The broadening of Anton Bruckner’s repute and the establishment of Mahler in the repertory is related to the Romantic Revival as well, though these stories are so big that they seem to eclipse the lesser musical comets and asteroids.  There would be other accounts to be rendered, symphonically.  We might think of Franz Berwald or Joachim Raff, or even of such homegrowns as Paine, Chadwick, and MacDowell.  Was even the young Van Cliburn a Romantic Revivalist?  What he played and recorded, at least as far as MacDowell is concerned, says yes.  Was Leonard Bernstein a revivalist when he performed and recorded Goldmark’s “Ländliche Hochzeit” or “Rustic Wedding” Symphony in E flat major, Op. 26?  I say he was—but that Brahms was not when he praised it at the get-go in 1875, nor was Theodore Thomas, conducting the antecedent of Bernstein’s orchestra in 1877.  When Bernstein got to it at long last, Goldmark’s symphony, which was really a suite, produced delightful results.

So yes, the Romantic Revival had many aspects, and one of them was in the larger and subsequent field of recordings.  To represent the larger phenomenon, I will nominate only one project—the British label Hyperion.  A look at the Hyperion catalogue, easily accessed over the Internet, is a bit intimidating, as it involves so many discs of fine performances of music that even most music lovers have never heard of.  The world-class virtuoso Marc-André Hamelin is well represented by performances of Henselt and Busoni and Alkan and Korngold and Marx and Scharwenka—and this is by only one particular virtuoso among so many others.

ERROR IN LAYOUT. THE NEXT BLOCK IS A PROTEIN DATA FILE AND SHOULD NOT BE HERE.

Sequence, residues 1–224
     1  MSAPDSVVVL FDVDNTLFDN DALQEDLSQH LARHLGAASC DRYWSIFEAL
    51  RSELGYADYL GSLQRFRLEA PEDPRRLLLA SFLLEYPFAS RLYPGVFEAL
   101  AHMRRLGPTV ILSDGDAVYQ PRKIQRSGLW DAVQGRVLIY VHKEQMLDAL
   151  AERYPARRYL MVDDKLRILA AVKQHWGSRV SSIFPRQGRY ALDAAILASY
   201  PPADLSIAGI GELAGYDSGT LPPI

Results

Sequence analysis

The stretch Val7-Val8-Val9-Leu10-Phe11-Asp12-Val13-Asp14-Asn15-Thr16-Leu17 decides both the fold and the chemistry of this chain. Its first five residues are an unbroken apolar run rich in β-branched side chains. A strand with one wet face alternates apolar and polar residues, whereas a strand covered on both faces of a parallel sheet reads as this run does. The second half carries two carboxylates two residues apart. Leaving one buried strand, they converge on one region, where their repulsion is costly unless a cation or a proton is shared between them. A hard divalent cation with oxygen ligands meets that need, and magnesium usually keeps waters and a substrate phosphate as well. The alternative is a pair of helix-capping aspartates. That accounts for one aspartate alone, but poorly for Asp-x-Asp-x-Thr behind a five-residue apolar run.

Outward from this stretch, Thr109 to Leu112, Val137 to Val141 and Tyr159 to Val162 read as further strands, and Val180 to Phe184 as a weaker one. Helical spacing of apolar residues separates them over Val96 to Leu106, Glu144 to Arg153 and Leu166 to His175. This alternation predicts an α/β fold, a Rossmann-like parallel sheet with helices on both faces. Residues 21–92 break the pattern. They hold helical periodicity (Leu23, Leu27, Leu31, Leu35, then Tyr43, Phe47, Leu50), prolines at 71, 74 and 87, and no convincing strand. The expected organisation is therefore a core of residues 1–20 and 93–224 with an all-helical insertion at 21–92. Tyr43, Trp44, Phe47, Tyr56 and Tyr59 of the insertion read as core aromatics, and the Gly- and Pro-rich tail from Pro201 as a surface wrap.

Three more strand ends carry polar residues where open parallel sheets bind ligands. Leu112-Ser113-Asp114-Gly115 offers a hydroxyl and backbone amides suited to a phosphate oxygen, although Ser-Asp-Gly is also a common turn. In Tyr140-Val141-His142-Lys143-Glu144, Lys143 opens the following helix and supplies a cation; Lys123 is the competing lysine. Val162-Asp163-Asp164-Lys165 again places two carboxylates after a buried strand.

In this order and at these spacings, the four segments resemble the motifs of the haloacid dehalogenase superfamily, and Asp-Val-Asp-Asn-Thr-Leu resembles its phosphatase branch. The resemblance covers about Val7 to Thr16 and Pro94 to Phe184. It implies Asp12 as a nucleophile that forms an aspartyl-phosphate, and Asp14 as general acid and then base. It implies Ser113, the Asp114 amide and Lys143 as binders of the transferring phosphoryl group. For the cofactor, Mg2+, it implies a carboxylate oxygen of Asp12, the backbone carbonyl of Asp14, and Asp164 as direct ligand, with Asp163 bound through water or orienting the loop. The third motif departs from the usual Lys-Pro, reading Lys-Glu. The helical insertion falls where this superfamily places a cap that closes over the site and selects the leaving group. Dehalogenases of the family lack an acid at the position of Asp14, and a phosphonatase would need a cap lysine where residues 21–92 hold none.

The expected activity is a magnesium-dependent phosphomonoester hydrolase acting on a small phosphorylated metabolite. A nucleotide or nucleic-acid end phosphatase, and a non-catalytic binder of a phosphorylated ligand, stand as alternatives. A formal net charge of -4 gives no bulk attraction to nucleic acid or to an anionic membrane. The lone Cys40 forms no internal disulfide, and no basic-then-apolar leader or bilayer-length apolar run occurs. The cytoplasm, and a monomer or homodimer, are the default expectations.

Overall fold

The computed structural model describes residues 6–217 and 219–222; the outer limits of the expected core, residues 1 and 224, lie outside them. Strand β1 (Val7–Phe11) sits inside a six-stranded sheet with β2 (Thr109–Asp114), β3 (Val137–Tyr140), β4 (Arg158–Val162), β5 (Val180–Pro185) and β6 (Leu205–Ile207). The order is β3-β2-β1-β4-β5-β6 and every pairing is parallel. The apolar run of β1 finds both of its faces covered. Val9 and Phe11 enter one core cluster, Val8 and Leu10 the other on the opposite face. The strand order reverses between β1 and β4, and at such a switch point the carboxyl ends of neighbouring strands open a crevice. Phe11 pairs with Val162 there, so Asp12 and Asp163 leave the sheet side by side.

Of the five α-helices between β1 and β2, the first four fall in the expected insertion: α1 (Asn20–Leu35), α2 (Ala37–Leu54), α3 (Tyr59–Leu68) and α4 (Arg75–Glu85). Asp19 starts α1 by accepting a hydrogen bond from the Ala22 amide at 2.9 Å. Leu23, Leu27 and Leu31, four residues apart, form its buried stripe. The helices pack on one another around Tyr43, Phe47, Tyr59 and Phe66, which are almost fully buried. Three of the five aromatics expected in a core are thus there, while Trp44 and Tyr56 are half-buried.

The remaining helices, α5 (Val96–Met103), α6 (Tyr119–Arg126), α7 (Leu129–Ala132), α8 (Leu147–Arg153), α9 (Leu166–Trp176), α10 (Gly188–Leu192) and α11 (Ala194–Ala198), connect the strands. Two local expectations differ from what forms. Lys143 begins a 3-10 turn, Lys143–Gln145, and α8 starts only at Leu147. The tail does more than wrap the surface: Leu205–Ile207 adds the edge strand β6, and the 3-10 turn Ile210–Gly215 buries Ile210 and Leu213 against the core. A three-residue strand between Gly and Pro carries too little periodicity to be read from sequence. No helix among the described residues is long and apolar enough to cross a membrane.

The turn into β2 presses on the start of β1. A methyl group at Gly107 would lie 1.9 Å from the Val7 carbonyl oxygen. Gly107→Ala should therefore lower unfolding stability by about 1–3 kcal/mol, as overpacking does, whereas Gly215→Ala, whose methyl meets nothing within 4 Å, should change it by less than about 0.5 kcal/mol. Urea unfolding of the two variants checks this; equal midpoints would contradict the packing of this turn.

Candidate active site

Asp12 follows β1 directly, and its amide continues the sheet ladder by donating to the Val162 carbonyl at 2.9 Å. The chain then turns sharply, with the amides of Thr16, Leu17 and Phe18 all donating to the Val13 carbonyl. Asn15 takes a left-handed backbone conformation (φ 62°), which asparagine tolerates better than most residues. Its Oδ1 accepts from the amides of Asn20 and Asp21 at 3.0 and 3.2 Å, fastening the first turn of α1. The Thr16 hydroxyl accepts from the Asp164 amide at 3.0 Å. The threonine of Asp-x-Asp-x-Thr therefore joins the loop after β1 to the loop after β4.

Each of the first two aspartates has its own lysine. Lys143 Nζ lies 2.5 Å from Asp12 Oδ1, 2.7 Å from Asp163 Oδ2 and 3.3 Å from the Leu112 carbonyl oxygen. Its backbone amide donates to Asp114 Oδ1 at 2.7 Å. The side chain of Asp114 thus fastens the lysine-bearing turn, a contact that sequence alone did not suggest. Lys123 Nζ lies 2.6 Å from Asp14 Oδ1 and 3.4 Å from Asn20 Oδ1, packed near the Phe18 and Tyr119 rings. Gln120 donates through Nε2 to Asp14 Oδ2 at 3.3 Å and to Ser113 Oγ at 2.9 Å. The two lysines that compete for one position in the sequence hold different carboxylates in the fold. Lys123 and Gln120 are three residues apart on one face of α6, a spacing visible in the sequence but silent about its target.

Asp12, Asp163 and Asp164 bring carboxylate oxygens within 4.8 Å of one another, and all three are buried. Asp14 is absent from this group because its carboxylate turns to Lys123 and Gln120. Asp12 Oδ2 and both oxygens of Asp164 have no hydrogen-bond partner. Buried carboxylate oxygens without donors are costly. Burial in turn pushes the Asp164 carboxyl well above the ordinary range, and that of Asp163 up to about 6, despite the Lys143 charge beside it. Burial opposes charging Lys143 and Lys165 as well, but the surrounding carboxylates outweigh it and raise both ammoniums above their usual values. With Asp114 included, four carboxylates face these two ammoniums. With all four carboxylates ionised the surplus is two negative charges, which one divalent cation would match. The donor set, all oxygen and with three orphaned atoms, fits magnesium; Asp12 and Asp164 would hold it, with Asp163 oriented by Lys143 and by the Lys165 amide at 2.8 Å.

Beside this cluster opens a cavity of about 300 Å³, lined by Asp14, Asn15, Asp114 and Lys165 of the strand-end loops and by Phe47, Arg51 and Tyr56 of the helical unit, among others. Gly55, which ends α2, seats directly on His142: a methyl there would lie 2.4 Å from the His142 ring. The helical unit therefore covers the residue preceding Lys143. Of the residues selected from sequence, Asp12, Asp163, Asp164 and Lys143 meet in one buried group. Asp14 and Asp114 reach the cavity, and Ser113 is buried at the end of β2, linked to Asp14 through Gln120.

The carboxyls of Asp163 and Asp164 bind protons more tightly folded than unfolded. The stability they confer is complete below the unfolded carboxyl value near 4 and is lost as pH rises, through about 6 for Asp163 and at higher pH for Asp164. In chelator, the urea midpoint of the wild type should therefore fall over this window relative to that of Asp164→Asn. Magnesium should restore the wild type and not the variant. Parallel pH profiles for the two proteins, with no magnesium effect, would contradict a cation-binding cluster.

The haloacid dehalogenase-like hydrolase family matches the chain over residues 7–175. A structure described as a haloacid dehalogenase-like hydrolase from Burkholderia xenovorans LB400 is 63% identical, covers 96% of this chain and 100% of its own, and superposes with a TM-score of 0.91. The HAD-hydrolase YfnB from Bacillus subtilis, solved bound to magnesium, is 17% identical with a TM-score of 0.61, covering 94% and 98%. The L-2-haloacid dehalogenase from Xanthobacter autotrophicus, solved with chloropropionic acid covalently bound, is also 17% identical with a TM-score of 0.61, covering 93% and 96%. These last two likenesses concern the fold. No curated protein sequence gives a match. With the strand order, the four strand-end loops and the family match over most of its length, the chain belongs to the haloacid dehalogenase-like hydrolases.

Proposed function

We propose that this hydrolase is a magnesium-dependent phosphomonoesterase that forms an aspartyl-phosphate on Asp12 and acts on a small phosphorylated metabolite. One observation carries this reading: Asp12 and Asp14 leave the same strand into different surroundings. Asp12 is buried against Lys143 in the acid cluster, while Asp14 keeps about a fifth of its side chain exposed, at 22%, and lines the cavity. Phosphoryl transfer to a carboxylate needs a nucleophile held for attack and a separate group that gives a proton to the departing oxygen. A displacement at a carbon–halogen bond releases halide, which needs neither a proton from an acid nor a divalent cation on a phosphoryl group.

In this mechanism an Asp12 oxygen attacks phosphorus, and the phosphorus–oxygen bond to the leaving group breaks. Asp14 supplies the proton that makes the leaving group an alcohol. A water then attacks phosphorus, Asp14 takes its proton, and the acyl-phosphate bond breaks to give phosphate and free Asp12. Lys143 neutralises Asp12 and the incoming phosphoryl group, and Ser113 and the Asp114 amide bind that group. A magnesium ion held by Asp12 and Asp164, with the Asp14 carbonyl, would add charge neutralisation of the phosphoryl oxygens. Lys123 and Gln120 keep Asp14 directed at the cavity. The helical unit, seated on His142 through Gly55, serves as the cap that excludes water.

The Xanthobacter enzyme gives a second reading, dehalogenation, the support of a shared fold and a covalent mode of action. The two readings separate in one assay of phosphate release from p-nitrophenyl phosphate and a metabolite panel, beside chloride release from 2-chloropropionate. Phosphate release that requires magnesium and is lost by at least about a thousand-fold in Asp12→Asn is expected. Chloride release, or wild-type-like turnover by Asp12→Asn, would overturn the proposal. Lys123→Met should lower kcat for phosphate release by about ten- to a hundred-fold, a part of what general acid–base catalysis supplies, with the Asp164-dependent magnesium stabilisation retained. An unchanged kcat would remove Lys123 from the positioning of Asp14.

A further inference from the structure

The revival of Romantic chamber music would follow along the paths we would expect, if we look past the great eclipsing and occluding figures—of Beethoven, Schubert, Mendelssohn, Schumann, and Brahms—to all the other ones.  And we are at that point when someone such as Heinrich von Herzogenberg becomes not a mere correspondent of Brahms as an exchanger of letters, but as a correspondent in another sense—as another self and as a gifted producer of appealing chamber music in his own right.  Such would be or even is the result of the Romantic Revival.  And another has been and is a different attitude and flexibility at piano recitals, at chamber-music performances, and at the orchestral hall and the opera house.  There is a new sense of space for variety and accommodation of appeal.  We sense that today, as Ivo Pogorelich goes his own way, as even Murray Perahia plays the Mephisto Waltz, and as more musicians reflect back to their audiences an enhanced sense of possibility.